Endogenous Growth, Convexity of Damages and Climate Risk: How Nordhaus' Framework Supports Deep Cuts in Carbon Emissions

Centre for Climate Change Economics and Policy Working Paper 180

Grantham Research Institute on Climate Change and the Environment Working Paper 159

38 Pages Posted: 25 Jul 2014

See all articles by Simon Dietz

Simon Dietz

London School of Economics - Grantham Research Institute on Climate Change and the Environment and Department of Geography and Environment

Nicholas Stern

London School of Economics & Political Science (LSE) - Grantham Research Institute on Climate Change and the Environment

Date Written: June 16, 2014

Abstract

'To slow or not to slow' (Nordhaus, 1991) was the first economic appraisal of greenhouse gas emissions abatement and founded a large literature on a topic of great, worldwide importance. In this paper we offer our assessment of the original article and trace its legacy, in particular Nordhaus' later series of 'DICE' models. From this work many have drawn the conclusion that an efficient global emissions abatement policy comprises modest and modestly increasing controls. On the contrary, we use DICE itself to provide an initial illustration that, if the analysis is extended to take more strongly into account three essential elements of the climate problem -- the endogeneity of growth, the convexity of damages, and climate risk -- optimal policy comprises strong controls. To focus on these features and facilitate comparison with Nordhaus' work, all of the analysis is conducted with a high pure-time discount rate, notwithstanding its problematic ethical foundations.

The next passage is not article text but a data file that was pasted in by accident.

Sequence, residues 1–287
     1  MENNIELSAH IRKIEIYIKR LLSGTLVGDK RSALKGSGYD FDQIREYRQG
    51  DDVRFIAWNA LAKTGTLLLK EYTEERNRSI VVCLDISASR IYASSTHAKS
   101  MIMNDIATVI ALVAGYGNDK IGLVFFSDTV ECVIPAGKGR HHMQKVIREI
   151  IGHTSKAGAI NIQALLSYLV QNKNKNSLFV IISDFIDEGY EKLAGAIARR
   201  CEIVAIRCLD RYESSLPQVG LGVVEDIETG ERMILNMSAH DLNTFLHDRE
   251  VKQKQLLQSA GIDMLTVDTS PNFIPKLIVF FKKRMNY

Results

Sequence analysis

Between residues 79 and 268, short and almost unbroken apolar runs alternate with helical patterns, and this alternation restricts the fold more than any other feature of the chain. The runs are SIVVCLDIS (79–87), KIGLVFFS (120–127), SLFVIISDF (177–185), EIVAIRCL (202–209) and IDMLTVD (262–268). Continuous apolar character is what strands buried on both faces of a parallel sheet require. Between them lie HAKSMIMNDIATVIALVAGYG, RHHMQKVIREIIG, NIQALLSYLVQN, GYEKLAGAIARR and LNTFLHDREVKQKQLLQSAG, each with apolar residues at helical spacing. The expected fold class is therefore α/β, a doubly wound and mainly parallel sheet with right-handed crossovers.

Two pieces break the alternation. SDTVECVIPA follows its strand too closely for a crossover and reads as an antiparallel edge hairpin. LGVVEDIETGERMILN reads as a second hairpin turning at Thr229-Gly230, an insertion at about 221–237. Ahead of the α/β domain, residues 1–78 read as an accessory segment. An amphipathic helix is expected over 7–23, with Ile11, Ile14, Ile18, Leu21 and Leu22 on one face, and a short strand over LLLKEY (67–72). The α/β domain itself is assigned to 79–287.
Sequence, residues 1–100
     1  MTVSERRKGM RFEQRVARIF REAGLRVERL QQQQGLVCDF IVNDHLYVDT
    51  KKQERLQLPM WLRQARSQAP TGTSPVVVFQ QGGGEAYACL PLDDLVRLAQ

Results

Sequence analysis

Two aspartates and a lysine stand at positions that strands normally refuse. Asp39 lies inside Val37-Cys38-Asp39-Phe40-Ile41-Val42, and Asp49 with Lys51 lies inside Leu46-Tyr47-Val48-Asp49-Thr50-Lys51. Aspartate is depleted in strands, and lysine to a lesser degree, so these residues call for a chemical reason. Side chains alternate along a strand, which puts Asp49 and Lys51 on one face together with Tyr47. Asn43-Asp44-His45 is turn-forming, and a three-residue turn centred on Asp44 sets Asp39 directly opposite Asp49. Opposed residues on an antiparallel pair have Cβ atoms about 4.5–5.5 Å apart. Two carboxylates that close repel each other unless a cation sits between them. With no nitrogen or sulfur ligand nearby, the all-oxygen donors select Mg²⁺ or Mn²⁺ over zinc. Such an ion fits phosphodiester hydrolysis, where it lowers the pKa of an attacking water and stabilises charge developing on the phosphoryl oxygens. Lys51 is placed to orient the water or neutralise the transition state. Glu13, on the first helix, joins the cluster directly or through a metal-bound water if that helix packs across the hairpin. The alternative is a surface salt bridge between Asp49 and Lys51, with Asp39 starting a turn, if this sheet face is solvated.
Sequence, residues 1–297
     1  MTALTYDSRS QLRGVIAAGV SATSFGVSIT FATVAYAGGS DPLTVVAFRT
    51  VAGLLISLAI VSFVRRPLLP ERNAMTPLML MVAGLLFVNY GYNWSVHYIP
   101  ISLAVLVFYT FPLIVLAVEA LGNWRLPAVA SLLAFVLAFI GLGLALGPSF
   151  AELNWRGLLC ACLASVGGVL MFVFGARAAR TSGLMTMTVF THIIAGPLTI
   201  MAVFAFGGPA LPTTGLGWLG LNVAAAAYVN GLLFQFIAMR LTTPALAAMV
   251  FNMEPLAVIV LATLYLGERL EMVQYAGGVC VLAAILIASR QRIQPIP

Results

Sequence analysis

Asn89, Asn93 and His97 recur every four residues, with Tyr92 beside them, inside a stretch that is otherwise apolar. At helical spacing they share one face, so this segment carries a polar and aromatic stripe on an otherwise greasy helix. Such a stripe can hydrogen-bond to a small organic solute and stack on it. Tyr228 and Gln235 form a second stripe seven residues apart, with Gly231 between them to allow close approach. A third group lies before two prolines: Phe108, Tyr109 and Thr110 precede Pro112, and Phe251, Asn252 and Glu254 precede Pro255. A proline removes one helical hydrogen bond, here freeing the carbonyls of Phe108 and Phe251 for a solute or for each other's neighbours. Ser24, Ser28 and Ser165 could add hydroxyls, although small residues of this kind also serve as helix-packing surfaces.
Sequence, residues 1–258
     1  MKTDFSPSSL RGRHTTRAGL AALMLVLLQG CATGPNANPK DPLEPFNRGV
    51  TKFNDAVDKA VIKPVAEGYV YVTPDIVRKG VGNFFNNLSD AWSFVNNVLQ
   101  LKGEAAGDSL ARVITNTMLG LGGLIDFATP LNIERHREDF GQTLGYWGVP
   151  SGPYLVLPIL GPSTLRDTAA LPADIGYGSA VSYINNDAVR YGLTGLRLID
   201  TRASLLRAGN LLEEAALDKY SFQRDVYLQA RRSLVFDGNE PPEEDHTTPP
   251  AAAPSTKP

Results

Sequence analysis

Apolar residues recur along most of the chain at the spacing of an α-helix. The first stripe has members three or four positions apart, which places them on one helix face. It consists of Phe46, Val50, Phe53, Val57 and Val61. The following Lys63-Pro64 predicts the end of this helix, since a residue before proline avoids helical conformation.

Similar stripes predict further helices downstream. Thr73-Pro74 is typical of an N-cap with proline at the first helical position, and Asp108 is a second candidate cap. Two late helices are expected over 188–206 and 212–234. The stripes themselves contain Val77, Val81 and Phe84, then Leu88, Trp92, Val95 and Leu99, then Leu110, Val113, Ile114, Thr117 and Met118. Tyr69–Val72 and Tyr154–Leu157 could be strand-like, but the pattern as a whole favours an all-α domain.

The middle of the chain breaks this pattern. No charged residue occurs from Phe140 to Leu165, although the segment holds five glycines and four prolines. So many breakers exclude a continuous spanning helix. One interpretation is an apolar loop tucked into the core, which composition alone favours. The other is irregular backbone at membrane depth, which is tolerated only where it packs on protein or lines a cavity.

Keywords: climate change, climate sensitivity, damage function, endogenous growth, integrated assessment

JEL Classification: Q54

Suggested Citation

Dietz, Simon and Stern, Nicholas, Endogenous Growth, Convexity of Damages and Climate Risk: How Nordhaus' Framework Supports Deep Cuts in Carbon Emissions (June 16, 2014). Centre for Climate Change Economics and Policy Working Paper 180, Grantham Research Institute on Climate Change and the Environment Working Paper 159, Available at SSRN: https://ssrn.com/abstract=2471019 or http://dx.doi.org/10.2139/ssrn.2471019

Simon Dietz (Contact Author)

London School of Economics - Grantham Research Institute on Climate Change and the Environment and Department of Geography and Environment ( email )

Houghton Street
London, WC2A 2AE
United Kingdom

HOME PAGE: http://personal.lse.ac.uk/dietzs

Nicholas Stern

London School of Economics & Political Science (LSE) - Grantham Research Institute on Climate Change and the Environment ( email )

Houghton Street
London, WC2A 2AE
Great Britain

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